For Coulter and PTBC, I believe they are just singing to the choir. Anyone attending her lectures, already believe in this nonsense, and the same could probably be said for anyone joining PTBC. I doubt they will lure anyone with their viciousness.

At least I hope not, because I want to still be proud to be Canadian, for all the reasons that actually define us as a tolerant and fair minded country.

PS: For anyone worrying about Ann of the Neocon's interview above; the Reformers have put it to right. In July of last year they erased any mention of our allowing Vietnam draft dodgers into the country.

Text on how both draft dodgers and resisters of the Vietnam War were ultimately allowed to stay in Canada suddenly vanished from the Citizenship and Immigration site earlier this year.

Jason Kenney to the rescue. Did he learn that one of them may have been gay?



  1. Excerpt from the Criminal Code of Canada

    "Definition of “identifiable group”

    (4) In this section, “identifiable group” means any section of the public distinguished by colour, race, religion, ethnic origin or sexual orientation.

    R.S., 1985, c. C-46, s. 318; 2004, c. 14, s. 1.

    Public incitement of hatred
    319. (1) Every one who, by communicating statements in any public place, incites hatred against any identifiable group where such incitement is likely to lead to a breach of the peace is guilty of
    (a) an indictable offence and is liable to imprisonment for a term not exceeding two years; or
    (b) an offence punishable on summary conviction.

    Wilful promotion of hatred

    (2) Every one who, by communicating statements, other than in private conversation, wilfully promotes hatred against any identifiable group is guilty of
    (a) an indictable offence and is liable to imprisonment for a term not exceeding two years; or
    (b) an offence punishable on summary conviction.


    (3) No person shall be convicted of an offence under subsection (2)
    (a) if he establishes that the statements communicated were true;
    (b) if, in good faith, the person expressed or attempted to establish by an argument an opinion on a religious subject or an opinion based on a belief in a religious text;
    (c) if the statements were relevant to any subject of public interest, the discussion of which was for the public benefit, and if on reasonable grounds he believed them to be true; or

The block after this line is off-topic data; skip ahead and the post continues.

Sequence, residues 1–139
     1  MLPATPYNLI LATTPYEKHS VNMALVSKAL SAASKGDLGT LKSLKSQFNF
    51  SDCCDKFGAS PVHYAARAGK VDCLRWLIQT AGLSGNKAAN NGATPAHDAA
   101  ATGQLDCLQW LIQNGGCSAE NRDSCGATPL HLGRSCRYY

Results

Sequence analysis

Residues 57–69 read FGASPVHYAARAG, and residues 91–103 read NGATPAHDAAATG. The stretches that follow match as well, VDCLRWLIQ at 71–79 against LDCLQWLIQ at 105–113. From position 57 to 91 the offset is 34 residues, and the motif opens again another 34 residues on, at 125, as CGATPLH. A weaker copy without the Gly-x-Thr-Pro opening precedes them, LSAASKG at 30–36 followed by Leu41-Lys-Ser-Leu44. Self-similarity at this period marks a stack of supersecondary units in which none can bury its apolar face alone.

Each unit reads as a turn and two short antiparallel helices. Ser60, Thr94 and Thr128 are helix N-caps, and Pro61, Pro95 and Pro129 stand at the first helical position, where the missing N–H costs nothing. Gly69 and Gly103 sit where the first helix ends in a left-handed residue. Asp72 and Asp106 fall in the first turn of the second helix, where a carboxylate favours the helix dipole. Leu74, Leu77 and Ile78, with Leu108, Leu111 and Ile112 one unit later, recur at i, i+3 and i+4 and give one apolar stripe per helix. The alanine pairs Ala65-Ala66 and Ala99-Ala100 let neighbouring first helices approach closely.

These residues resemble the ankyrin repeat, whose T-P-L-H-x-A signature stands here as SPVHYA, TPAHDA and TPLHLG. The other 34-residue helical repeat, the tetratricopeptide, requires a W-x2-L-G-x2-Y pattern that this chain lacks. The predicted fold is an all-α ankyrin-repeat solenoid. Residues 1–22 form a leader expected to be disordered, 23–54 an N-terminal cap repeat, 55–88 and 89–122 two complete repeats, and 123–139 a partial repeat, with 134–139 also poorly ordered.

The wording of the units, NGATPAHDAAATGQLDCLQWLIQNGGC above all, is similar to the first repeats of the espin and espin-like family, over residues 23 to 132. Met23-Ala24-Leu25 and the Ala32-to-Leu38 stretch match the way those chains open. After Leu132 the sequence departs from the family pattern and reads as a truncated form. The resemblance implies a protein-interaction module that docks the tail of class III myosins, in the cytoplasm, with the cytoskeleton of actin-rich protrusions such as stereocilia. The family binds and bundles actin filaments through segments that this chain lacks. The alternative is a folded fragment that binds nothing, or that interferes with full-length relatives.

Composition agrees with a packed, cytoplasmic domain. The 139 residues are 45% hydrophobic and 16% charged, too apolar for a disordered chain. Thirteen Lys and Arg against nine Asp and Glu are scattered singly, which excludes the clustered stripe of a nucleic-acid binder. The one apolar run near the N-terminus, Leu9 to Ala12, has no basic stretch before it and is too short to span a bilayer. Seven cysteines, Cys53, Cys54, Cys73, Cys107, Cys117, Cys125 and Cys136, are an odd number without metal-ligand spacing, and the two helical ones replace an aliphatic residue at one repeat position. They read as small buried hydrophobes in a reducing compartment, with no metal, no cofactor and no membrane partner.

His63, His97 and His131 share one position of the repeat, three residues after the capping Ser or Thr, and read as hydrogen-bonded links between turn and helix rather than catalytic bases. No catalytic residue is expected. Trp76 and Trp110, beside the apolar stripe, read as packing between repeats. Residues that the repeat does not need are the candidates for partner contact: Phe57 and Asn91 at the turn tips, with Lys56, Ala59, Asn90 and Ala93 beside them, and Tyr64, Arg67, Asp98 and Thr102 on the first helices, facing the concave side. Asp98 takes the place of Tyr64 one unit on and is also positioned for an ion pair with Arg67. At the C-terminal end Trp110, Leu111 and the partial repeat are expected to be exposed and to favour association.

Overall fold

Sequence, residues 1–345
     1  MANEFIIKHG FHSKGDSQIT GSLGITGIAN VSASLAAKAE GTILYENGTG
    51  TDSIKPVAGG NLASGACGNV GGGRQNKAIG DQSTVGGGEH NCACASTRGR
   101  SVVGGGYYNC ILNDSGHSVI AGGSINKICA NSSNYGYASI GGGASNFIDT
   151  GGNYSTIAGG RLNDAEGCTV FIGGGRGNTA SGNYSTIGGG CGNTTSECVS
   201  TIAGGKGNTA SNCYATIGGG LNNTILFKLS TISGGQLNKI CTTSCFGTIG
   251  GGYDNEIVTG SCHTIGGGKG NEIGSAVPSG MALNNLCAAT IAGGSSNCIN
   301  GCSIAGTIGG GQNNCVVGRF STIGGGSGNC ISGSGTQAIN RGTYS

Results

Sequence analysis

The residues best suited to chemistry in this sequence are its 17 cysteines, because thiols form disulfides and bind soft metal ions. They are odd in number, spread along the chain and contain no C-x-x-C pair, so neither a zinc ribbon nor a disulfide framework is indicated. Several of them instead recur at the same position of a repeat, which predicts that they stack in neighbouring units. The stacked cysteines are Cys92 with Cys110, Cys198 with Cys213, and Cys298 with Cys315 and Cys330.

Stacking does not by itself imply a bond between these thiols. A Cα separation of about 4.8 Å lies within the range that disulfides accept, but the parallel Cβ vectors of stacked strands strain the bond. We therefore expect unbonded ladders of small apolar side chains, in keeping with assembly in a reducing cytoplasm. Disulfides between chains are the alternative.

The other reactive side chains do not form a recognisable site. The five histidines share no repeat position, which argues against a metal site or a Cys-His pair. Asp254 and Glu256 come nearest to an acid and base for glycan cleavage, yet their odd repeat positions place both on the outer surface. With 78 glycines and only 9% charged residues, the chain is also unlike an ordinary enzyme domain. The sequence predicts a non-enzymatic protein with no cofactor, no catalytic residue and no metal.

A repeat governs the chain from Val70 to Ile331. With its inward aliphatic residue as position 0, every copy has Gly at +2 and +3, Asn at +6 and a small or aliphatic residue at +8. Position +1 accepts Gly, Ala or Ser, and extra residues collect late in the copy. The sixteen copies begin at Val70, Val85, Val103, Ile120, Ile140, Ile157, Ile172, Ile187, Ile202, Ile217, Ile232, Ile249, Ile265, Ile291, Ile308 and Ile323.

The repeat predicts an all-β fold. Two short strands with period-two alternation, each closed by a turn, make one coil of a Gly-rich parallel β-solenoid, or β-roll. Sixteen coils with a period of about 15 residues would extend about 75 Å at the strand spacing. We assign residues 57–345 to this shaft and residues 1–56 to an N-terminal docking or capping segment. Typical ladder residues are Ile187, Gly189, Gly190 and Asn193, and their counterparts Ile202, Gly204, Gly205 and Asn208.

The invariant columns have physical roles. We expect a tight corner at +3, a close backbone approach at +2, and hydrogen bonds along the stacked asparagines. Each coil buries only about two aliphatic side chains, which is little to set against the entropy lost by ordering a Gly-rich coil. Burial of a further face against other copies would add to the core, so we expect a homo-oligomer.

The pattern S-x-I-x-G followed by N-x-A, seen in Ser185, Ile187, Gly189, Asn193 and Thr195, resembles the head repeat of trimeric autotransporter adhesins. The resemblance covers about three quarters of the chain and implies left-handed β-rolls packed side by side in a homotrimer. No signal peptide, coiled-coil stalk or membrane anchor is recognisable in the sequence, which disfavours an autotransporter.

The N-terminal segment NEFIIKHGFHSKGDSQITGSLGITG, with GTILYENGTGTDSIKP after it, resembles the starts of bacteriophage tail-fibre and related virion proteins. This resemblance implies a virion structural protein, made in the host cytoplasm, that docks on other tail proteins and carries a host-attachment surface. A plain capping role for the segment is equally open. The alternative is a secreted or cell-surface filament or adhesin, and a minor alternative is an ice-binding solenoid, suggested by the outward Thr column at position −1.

(d) if, in good faith, he intended to point out, for the purpose of removal, matters producing or tending to produce feelings of hatred toward an identifiable group in Canada.


    (4) Where a person is convicted of an offence under section 318 or subsection (1) or (2) of this section, anything by means of or in relation to which the offence was committed, on such conviction, may, in addition to any other punishment imposed, be ordered by the presiding provincial court judge or judge to be forfeited to Her Majesty in right of the province in which that person is convicted, for disposal as the Attorney General may direct.

    Exemption from seizure of communication facilities

    (5) Subsections 199(6) and (7) apply with such modifications as the circumstances require to section 318 or subsection (1) or (2) of this section.


    (6) No proceeding for an offence under subsection (2) shall be instituted without the consent of the Attorney General.


    (7) In this section,

    « communiquer »

    “communicating” includes communicating by telephone, broadcasting or other audible or visible means;

    “identifiable group”
    « groupe identifiable »

    “identifiable group” has the same meaning as in section 318;

    “public place”
    « endroit public »

    “public place” includes any place to which the public have access as of right or by invitation, express or implied;

    « d├ęclarations »

    “statements” includes words spoken or written or recorded electronically or electro-magnetically or otherwise, and gestures, signs or other visible representations.

    R.S., 1985, c. C-46, s. 319; R.S., 1985, c. 27 (1st Supp.), s. 203; 2004, c. 14, s. 2.»

  2. Thank you for that. Ann Coulter would definitley violate our criminal code with just about everything she says. So why did Ezra Levant invite her here? To stir up trouble I think and make a martyr of her.